- ^ Childhood firesetting, enuresis and cruelty to animals as cultural lore. Published on May 2, 2012 by Karen Franklin, Ph.D.
- ^ a b c Bovsun, Mara (January 2, 2010). "Just crazy for blood: Richard Trenton Chase, a.k.a. the Vampire of Sacramento". New York Daily News. Archived from the original on August 2, 2018. Retrieved September 15, 2016.
- ^ Amanda Howard, Martin Smith: River of Blood, Universal Publishers (August 30, 2004), ISBN 978-1-58112-518-4, pp. 82 accessed via Google Books Archived May 2, 2019, at the Wayback Machine
- ^ Ressler, Robert; Thomas Schachtman (1992). Whoever Fights Monsters: My Twenty Years Tracking Serial Killers for the FBI (First ed.). St. Martin's. p. 14. ISBN 0-312-07883-8.
- ^ a b c "Richard Trenton Chase". Crime Library. Archived from the original on December 9, 2008. Retrieved December 30, 2008.
- ^ "Richard Trenton Chase – Profile of Serial Killer Chase". Crime.about.com. Archived from the original on November 12, 2011. Retrieved October 19, 2010.
- ^ Keppel, Robert D.; Birnes, William J. (2003). The Psychology of Serial Killer Investigations: The Grisly Business Unit. Academic Press. p. 27. ISBN 978-0124042605. Archived from the original on December 24, 2020. Retrieved July 26, 2019.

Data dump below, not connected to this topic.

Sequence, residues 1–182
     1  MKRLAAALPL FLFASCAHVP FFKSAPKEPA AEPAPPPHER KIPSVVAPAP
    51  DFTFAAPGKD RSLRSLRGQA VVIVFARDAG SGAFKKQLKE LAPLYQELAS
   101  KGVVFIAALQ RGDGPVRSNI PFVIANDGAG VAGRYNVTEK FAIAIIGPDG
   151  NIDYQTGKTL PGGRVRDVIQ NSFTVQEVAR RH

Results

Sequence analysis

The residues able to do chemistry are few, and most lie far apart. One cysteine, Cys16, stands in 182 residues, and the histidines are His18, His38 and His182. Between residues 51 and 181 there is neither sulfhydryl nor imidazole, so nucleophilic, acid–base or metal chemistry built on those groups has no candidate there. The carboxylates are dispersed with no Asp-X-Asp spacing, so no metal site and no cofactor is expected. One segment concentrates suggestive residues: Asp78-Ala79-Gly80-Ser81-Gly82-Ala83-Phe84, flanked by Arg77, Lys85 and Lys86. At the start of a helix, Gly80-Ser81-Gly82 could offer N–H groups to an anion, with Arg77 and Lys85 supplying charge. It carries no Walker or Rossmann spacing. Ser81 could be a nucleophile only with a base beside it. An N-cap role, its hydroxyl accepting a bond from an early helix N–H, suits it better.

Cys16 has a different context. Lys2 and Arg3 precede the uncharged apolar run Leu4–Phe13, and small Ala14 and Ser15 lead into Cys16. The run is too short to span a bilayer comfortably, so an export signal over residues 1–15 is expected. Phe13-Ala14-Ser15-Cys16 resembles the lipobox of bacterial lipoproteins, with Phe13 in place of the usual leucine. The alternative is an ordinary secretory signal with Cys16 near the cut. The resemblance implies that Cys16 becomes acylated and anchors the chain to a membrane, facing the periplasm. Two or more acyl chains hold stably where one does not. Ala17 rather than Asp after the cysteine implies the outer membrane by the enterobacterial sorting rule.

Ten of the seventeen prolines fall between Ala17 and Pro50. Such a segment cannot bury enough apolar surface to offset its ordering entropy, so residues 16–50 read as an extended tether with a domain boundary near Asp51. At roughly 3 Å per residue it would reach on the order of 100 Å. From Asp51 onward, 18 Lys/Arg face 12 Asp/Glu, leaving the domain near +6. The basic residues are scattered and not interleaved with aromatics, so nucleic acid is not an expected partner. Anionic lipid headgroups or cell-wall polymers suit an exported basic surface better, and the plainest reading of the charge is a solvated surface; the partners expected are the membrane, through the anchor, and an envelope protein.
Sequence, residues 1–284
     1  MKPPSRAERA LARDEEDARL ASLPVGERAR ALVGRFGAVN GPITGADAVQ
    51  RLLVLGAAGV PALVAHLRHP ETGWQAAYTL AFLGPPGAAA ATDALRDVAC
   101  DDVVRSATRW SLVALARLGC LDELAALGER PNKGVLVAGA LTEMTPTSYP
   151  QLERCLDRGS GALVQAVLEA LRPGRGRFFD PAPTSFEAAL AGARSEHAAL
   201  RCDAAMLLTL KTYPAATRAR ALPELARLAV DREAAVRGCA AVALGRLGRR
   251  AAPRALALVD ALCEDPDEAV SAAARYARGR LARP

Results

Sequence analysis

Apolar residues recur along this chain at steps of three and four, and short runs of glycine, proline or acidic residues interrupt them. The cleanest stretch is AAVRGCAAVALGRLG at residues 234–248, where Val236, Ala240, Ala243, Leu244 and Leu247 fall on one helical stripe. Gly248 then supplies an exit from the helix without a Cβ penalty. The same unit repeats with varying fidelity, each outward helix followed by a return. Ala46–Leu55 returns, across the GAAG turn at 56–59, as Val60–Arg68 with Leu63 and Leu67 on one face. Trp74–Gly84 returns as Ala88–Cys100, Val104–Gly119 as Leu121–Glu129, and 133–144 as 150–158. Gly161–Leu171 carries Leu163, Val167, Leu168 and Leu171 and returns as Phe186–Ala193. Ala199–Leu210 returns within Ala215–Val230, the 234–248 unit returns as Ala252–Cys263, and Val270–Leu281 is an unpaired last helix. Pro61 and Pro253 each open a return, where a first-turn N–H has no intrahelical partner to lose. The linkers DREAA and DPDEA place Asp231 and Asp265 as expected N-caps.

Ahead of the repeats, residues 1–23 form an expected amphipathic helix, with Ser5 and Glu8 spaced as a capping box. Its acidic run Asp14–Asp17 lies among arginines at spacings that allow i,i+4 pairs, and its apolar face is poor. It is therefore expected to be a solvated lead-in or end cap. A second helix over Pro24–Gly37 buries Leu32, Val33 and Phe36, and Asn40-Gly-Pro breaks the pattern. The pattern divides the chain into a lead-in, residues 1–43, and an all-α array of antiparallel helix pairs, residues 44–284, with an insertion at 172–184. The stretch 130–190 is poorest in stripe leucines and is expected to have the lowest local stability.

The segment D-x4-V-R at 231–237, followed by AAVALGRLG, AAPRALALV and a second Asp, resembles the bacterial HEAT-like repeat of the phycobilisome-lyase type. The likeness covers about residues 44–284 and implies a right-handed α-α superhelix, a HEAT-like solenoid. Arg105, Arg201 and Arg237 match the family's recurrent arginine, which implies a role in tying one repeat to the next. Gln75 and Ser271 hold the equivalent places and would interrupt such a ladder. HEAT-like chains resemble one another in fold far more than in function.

- ^ "Lore: Deadly Obsession: The Vampire of Sacramento". Investigation Discovery. Archived from the original on May 7, 2011. Retrieved May 13, 2011.
- ^ "The Vampire of Sacramento Richard Trenton Chase". Haunted America Tours. Archived from the original on February 16, 2019. Retrieved October 19, 2010.
Cited works and further readingEdit
- Biondi, Ray; Hecox, Walt (1992). The Dracula Killer. London: Mondo. ISBN 978-1-852-86455-2.
- Evans, Colin (1996). The Casebook of Forensic Detection: How Science Solved 100 of the World's Most Baffling Crimes. New York: John Wiley & Sons, Inc. pp. 160–163. ISBN 978-0-471-07650-6.
- Sullivan, Kevin (2012). Vampire: The Richard Chase Murders. WildBlue Press. ISBN 978-1942266112.
- Richard Chase at the Crime Library
- Robert Ressler on profiling the Vampire Killer at the Wayback Machine (archived October 11, 2007)